Poetry from Christopher Bernard


 Late Flowers
 By Christopher Bernard

 Only now have they started to fade.
 They had just begun to open
 the afternoon I bought them
 right before your birthday:
 white lilies, red carnations,
 clematis that clings to the eaves,
 small pink roses,
 little daisies,
 against a deep green backdrop 
 of shadowy ferns and leaves.
 Over the days that followed
 they blossomed like a flourish
 from a garden on your little table
 in your lovely room
 bright and warm and gentle,
 the windows opening to the bay
 and the northern reach of sunlight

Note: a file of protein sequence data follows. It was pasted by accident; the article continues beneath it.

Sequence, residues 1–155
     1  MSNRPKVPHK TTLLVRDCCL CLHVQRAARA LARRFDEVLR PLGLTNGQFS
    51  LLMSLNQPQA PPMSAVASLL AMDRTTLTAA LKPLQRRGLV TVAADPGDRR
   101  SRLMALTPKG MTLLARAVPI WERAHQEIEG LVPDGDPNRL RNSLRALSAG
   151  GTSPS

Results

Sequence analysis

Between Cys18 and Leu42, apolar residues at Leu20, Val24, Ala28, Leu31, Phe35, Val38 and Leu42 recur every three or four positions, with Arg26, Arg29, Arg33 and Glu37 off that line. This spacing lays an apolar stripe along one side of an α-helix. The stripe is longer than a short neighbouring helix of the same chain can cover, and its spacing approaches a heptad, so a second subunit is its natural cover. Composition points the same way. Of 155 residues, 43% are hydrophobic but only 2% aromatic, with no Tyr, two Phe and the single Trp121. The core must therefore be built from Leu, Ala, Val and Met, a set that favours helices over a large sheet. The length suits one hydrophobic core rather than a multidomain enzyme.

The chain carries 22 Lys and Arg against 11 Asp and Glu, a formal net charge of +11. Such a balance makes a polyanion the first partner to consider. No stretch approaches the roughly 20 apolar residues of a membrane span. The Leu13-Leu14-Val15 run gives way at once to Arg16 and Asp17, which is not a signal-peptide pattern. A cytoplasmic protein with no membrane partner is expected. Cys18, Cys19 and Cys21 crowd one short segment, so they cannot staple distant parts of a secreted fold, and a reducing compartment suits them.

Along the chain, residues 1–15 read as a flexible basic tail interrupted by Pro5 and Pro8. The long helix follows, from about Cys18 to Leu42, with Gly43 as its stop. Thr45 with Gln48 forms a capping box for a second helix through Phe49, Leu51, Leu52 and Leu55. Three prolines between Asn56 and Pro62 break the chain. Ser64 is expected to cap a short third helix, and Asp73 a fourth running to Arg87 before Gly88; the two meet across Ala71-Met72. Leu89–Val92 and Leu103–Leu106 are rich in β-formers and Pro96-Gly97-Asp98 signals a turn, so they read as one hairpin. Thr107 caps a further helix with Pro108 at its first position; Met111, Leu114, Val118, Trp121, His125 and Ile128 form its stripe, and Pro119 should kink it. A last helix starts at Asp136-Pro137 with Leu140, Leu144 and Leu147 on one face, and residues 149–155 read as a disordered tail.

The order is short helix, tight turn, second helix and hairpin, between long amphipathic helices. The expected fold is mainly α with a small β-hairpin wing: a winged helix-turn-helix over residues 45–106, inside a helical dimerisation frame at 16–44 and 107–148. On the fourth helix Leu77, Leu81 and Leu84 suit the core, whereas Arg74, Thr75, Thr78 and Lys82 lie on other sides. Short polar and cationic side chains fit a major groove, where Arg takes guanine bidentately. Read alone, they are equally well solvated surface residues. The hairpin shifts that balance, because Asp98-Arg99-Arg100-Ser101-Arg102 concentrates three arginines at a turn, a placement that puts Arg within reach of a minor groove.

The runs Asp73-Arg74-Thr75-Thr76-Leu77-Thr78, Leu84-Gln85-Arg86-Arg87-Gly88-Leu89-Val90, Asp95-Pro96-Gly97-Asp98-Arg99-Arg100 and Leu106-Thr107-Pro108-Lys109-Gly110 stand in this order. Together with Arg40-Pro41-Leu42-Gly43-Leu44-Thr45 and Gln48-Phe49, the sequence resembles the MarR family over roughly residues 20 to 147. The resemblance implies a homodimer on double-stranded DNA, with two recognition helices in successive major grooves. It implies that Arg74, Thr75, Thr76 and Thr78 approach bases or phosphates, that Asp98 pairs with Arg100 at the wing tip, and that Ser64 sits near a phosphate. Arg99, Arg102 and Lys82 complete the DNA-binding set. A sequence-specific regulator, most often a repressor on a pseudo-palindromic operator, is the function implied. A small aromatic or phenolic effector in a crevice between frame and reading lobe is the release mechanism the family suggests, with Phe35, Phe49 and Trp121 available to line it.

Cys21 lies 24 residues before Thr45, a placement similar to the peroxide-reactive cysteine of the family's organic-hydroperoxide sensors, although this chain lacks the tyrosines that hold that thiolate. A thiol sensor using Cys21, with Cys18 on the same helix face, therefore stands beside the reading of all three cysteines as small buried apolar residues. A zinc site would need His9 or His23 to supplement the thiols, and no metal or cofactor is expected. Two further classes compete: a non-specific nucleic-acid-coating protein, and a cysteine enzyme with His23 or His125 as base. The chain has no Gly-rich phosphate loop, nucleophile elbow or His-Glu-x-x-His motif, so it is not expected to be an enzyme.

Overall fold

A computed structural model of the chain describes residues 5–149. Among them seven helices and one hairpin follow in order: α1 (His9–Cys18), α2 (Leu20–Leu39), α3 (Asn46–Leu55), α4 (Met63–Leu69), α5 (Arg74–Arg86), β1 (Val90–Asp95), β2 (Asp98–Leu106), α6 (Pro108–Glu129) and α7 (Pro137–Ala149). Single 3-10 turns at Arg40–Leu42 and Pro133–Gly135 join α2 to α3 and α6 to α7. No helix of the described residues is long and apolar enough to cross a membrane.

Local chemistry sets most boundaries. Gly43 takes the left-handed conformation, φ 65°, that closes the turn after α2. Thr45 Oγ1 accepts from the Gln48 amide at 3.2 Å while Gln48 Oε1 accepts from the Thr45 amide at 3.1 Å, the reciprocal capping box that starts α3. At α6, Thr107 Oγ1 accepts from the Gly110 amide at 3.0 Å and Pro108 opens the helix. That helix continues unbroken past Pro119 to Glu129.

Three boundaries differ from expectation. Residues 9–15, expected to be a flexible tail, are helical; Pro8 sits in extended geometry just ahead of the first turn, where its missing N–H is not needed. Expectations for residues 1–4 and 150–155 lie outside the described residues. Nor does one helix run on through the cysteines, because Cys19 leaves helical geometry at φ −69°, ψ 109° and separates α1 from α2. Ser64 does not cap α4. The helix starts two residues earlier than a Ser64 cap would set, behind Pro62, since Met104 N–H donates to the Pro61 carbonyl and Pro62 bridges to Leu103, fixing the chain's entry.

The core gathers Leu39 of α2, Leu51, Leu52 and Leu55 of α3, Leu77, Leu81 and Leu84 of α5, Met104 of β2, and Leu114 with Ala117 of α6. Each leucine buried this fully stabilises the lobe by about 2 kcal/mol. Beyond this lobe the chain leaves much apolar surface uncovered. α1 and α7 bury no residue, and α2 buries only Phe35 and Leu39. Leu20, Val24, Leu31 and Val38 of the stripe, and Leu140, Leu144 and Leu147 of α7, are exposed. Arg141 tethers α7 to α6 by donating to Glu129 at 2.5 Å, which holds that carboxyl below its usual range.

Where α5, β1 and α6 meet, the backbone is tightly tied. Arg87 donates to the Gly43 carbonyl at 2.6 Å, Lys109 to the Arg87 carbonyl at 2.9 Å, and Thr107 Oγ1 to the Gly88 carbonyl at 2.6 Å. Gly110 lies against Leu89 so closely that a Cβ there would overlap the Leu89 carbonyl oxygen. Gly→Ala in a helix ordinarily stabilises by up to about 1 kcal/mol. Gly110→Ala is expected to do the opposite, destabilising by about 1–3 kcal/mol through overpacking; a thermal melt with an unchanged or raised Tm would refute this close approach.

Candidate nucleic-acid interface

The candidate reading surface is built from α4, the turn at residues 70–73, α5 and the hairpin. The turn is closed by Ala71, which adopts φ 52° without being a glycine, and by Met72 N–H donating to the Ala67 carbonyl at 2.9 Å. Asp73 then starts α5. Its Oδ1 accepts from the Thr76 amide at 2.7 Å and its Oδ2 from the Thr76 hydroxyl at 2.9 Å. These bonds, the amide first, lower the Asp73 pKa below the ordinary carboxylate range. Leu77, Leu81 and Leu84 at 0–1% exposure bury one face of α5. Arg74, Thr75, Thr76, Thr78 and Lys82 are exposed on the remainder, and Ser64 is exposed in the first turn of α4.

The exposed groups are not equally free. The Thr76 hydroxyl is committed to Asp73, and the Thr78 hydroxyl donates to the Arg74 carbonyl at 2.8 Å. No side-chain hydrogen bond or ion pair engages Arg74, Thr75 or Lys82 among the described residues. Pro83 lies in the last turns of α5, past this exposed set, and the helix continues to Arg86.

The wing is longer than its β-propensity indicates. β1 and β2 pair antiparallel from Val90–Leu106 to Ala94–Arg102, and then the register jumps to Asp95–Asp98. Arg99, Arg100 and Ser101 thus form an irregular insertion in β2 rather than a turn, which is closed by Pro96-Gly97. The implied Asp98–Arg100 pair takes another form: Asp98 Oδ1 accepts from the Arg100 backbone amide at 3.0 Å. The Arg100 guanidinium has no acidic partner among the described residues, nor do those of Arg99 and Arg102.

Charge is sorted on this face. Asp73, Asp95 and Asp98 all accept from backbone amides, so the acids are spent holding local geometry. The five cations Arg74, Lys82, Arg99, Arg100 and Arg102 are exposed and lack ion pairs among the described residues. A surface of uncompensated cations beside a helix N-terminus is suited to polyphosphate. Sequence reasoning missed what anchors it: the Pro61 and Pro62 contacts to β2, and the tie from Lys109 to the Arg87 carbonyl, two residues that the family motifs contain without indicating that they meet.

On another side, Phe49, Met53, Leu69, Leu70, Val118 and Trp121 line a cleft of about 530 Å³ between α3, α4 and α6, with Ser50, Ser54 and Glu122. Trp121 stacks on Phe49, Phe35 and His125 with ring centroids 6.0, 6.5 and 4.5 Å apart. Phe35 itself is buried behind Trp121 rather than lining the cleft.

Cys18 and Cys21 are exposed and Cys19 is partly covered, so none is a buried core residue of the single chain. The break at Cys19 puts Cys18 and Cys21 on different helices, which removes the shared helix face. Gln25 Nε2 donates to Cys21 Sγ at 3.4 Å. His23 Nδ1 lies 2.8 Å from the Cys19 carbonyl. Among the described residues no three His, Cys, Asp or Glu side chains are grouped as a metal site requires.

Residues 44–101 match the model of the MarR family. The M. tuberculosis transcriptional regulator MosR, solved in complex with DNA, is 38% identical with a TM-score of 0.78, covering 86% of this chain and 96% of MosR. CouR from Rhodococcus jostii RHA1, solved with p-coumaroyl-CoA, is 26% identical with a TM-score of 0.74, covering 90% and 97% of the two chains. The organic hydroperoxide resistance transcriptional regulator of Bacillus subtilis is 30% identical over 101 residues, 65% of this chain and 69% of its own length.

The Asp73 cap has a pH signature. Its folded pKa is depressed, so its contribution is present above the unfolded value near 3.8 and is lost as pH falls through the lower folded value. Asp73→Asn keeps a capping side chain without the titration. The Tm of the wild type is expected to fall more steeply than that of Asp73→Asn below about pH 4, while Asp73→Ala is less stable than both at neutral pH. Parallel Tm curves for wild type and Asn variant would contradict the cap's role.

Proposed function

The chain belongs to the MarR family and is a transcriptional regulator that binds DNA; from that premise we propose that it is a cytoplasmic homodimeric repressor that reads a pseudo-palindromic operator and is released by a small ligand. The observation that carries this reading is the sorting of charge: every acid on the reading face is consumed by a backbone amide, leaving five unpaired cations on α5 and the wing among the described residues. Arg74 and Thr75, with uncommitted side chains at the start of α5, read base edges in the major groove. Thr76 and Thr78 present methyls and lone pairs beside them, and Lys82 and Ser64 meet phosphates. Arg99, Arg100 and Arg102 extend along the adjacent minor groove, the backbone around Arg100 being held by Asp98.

gathering the day.
 They opened like young loving,
 they opened like the spring,
 they opened like your smile
 at the sweetness of all beauty:
 a simple and artless bouquet.
 Only now do they begin
 to fade. Who could have known
 they opened only for one
 who would no longer see them,
 in a room where you, in sleep,
 the afternoon that followed
 the day that you were born
 (or so it seems, to the living),
 fading long before the flowers,
 were gone even as they flowered
 beautiful as the day?
 For K.

Christopher Bernard’s latest book of poems, The Socialist’s Garden of Verses, has received a stellar review from Kirkus and will be included as a May feature (Best Indie Books of the Month).

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